This paper investigates whether current yield trajectories are adequate to achieve the production increases that many forecasts suggest are needed on existing farmland. The results indicate that the majority of global cereal crops such as rice, wheat and corn may have reached their maximum possible yields. Six statistical models were analysed to identifying the most appropriate shape of historical yield trend and the analysis makes it possible to estimate in which countries and regions yields are flat, rising, declining or plateauing.
Previous analysis of historical crop yield trends are based on the assumption that global rates of yield increase in the majority of cereal crop species will be constant, but recent studies suggest that these cereal crops have recently decreased or plateaued. This is especially evident in many of the most intensively cropped areas of the world, including eastern Asia, Europe and the United States. Historically, the authors argue that positive yield trends have been achieved by rapid adoption of new technology, and such innovation and trends may not be possible to reproduce.
By using a statistical framework the researchers evaluate historical yield trends of major crop-producing countries since 1965. They find that estimates of future crop production and land use must consider both historical yield trends and biophysical yield ceilings to improve forecasting capability.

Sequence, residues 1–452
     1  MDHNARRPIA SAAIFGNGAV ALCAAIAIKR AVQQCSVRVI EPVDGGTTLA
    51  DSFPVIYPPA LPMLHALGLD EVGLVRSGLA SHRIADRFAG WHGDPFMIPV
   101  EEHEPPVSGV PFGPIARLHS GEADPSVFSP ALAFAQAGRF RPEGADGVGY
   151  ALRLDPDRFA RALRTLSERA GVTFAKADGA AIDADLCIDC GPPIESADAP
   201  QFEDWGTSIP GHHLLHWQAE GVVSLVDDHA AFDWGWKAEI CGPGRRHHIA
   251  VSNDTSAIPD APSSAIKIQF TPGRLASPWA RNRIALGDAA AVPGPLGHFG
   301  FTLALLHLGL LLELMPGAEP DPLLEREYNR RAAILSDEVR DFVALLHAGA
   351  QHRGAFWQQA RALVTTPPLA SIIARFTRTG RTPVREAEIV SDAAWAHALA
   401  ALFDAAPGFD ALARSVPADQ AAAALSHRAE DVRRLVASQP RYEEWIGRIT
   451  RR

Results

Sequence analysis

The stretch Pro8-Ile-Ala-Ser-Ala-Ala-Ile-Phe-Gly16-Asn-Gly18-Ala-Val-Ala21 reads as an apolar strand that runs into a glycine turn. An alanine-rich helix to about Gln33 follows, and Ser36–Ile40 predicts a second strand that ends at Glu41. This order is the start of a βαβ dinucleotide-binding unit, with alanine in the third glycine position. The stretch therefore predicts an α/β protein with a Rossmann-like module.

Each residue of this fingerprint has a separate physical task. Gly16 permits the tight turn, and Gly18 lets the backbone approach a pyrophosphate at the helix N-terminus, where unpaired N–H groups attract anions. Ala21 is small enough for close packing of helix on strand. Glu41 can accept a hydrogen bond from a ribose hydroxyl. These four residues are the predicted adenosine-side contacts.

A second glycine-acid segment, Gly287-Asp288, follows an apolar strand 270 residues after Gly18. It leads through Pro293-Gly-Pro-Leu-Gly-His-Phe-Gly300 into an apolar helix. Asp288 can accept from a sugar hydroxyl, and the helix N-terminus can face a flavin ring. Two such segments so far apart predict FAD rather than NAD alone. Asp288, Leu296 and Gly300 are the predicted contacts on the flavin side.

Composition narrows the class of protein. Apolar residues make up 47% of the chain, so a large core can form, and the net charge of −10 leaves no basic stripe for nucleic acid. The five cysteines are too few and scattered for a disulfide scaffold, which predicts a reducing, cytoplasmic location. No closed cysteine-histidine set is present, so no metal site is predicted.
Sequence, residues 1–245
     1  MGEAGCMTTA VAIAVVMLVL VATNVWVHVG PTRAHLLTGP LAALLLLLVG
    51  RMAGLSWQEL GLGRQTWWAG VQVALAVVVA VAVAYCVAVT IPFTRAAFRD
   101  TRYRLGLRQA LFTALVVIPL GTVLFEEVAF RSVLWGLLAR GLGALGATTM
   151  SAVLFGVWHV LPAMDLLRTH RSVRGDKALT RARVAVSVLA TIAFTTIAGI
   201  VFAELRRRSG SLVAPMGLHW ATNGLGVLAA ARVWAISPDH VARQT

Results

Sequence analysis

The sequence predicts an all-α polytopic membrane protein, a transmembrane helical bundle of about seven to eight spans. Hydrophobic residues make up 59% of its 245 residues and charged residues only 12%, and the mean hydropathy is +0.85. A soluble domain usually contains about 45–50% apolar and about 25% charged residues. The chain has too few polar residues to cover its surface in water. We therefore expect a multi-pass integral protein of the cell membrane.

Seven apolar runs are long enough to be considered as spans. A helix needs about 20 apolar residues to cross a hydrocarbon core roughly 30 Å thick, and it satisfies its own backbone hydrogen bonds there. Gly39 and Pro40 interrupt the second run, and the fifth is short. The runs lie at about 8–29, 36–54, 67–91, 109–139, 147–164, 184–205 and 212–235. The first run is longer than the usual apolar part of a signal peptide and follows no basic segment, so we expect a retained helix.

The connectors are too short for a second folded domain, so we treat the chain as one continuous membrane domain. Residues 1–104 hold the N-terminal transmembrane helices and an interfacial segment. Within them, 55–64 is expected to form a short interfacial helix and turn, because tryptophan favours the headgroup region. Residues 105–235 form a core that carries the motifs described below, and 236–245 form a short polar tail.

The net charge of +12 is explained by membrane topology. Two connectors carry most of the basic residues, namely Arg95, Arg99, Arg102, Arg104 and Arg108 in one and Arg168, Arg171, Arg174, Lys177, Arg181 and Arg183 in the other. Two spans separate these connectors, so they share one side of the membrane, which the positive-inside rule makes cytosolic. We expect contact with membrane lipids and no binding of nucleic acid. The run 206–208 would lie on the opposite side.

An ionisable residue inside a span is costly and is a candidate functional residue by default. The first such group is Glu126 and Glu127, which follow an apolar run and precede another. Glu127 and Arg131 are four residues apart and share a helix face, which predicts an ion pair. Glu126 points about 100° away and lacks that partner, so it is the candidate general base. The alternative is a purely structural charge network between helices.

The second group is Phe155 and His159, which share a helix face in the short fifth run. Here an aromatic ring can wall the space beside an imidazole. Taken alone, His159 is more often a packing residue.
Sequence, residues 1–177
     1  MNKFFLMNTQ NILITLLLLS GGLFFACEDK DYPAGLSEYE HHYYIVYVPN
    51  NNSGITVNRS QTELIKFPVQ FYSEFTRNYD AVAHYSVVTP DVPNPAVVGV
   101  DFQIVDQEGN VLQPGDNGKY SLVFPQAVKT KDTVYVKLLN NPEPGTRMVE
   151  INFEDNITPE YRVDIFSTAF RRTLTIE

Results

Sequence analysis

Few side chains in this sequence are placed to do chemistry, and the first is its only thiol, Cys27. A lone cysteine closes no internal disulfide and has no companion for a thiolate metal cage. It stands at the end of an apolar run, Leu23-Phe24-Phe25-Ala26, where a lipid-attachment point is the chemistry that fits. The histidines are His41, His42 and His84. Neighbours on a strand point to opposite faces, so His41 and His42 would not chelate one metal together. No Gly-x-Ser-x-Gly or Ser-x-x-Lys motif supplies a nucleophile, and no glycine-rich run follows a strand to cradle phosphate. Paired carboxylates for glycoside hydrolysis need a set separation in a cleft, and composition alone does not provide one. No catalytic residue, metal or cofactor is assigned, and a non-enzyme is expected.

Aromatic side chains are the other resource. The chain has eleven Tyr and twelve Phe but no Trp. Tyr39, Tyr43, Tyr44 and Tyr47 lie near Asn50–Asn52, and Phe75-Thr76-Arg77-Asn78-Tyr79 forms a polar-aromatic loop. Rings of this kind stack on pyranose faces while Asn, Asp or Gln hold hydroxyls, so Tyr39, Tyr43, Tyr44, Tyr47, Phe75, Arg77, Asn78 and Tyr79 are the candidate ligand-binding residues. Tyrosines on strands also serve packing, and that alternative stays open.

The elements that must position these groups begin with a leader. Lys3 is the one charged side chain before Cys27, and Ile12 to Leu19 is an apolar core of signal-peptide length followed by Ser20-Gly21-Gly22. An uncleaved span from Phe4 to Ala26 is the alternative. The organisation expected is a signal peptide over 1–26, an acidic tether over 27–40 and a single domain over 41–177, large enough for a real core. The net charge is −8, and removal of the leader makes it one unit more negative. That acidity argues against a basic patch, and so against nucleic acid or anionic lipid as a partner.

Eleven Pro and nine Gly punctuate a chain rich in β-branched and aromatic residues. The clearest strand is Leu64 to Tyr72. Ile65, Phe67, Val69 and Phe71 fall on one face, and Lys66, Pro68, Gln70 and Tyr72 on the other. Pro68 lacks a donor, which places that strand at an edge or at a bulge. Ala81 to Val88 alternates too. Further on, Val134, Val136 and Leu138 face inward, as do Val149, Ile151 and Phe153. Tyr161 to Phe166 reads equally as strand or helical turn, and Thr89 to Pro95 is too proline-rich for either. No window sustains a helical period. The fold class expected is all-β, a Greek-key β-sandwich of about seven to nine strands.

Food security and land required for food production largely depend on rate of yield gain of major cereal crops. Previous projections of food security are often more optimistic than what historical yield trends would support. Many econometric projections of future food production assume compound rates of yield gain, which are not consistent with historical yield trends. Here we provide a framework to characterize past yield trends and show that linear trajectories adequately describe past yield trends, which means the relative rate of gain decreases over time. Furthermore, there is evidence of yield plateaus or abrupt decreases in rate of yield gain, including rice in eastern Asia and wheat in northwest Europe, which account for 31% of total global rice, wheat and maize production. Estimating future food production capacity would benefit from an analysis of past crop yield trends based on a robust statistical analysis framework that evaluates historical yield trajectories and plateaus.
Grassini, P., Eskridge, K. M., Cassman K. G., Distinguishing between yield advances and yield plateaus in historical crop production trends. Nature Communications, 2013, 4 DOI: 10.1038/ncomms3918
To read the full article online in Nature communications, click here.
For other studies that discuss how far yield increases might be possible and/or the impact of climate change on yields see here.